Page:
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The empty temporal niche: breeding phenology differs between coexisting native and invasive birds

Abstract

Invasive species face new environmental conditions in their areas of introduction. A correct timing of reproduction is crucial for the successful adjustment of individuals to their environments, yet the temporal aspects of the niche are a neglected subject in the study of biological invasions. When introduced, exotic species could successfully invade new habitats by making use of ecological opportunities, e.g. empty temporal Eltonian niches. Specifically, they may achieve this via conservatism of their native reproductive phenology and/or via plasticity in their reproductive timing. Here we compare the reproductive phenology of a marshland passerine community composed of five successfully established tropical exotic species and twelve coexisting Mediterranean native species along four consecutive years. Both groups showed large differences in their phenology, with exotics reproducing along more months and later in the year than natives. One exotic species even breeds only in late summer and early autumn, when virtually all natives have ceased breeding and when overall bird abundance as well as primary production in cultivated areas (rice fields) were highest. Nonetheless, estimates of population sizes and juvenile survival rates in the study area suggest that late breeding is not maladaptive but instead highly successful. The striking difference in reproductive timing suggests that the exotics may be taking advantage of a vacant Eltonian temporal niche, possibly generated by high resource availability in human-transformed habitats (rice fields and other croplands) in the study area. This study highlights the need to also consider the temporal aspects of the niche when studying invasions.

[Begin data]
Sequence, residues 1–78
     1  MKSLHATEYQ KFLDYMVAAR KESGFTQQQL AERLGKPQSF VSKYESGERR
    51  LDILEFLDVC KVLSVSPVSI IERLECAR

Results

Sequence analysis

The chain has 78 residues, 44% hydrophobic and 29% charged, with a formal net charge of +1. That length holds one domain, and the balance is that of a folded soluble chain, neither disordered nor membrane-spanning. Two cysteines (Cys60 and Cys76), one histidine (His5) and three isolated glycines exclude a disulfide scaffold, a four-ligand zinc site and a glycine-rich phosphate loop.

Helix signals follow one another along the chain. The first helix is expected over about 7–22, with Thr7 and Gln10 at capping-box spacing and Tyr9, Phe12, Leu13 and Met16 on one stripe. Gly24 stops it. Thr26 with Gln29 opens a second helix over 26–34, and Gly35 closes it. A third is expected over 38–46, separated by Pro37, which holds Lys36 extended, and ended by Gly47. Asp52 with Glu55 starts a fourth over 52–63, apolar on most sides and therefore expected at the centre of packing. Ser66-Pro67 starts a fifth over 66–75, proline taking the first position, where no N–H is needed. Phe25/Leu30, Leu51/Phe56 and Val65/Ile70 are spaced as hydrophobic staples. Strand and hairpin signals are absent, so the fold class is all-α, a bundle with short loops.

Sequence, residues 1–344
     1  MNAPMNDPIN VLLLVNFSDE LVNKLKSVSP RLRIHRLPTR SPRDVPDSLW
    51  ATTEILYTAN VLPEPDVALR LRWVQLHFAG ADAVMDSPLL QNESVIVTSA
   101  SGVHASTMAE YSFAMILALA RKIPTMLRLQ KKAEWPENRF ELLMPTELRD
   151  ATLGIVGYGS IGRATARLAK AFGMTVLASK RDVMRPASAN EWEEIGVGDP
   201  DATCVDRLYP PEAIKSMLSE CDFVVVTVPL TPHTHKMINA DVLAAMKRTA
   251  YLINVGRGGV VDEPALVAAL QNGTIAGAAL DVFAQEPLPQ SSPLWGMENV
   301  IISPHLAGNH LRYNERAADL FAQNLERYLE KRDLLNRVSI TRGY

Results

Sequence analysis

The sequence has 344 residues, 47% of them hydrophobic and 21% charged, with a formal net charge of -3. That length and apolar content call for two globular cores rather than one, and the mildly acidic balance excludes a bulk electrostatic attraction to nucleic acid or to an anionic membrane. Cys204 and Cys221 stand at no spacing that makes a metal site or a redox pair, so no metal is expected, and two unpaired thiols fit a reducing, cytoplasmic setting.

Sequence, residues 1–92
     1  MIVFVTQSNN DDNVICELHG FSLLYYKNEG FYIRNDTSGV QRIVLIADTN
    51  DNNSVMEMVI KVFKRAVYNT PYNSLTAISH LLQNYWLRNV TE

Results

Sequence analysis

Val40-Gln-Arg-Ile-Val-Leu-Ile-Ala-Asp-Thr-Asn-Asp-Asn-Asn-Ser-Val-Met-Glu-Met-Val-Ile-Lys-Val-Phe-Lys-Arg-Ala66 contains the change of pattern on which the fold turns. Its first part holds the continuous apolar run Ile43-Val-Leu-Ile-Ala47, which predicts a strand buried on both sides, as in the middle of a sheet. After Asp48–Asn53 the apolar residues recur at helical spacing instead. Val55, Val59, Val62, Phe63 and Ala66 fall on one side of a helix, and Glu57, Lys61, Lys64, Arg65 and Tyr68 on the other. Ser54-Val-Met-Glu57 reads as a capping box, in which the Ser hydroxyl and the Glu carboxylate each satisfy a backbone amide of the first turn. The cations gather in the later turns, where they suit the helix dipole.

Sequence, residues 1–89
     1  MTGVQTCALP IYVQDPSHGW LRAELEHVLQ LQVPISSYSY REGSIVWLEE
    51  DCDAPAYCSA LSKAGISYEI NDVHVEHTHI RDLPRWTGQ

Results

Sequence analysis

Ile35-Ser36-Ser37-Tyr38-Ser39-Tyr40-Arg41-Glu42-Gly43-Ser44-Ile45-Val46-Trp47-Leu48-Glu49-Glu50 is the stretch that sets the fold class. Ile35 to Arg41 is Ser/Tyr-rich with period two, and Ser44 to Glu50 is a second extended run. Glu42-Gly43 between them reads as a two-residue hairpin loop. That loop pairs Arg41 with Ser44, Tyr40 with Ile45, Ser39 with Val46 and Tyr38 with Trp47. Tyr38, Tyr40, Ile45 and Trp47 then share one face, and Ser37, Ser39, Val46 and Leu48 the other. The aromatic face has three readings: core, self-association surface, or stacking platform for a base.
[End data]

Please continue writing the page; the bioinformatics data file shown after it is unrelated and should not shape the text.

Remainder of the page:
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Acknowledgments

We thank J. Ayala, A. Jurado, M. Vázquez, D. Serrano and J. Blas for their field assistance. Logistical support and primary production data were provided by the Laboratorio de SIG y Teledetección, Estación Biológica de Doñana, CSIC (LAST-EBD). Fundación Repsol, two Projects of Excellence from the Junta de Andalucía (P07-RNM-02918 and P08-RNM-4014), and the Spanish Ministry of Economy and Competitiveness (Projects JCI-2011-09085, RYC-2009-04860, RYC-2011-07889 and CGL2012-35232) funded this research, with the support from the ERDF and the Project EBD-Severo Ochoa (SEV-2012-0262).

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Correspondence to Ana Sanz-Aguilar.

Appendix

Appendix

See Tables 3, 4 and 5.

Table 3 Family, migratory habit, diet and mean body mass of the species considered in this study
Table 4 Total number of individuals (and breeding individuals) captured by species and month
Table 5 Models (GAM) to explain the probability of finding a female with an active brood patch among native and exotic (status) birds along time (month)

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Sanz-Aguilar, A., Carrete, M., Edelaar, P. et al. The empty temporal niche: breeding phenology differs between coexisting native and invasive birds. Biol Invasions 17, 3275–3288 (2015). https://doi.org/10.1007/s10530-015-0952-x

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  • DOI: https://doi.org/10.1007/s10530-015-0952-x

Keywords

  • Timing of reproduction
  • Temporal niche
  • Biological invasions
  • Grinnellian and Eltonian niche
  • Niche conservatism
  • Weaver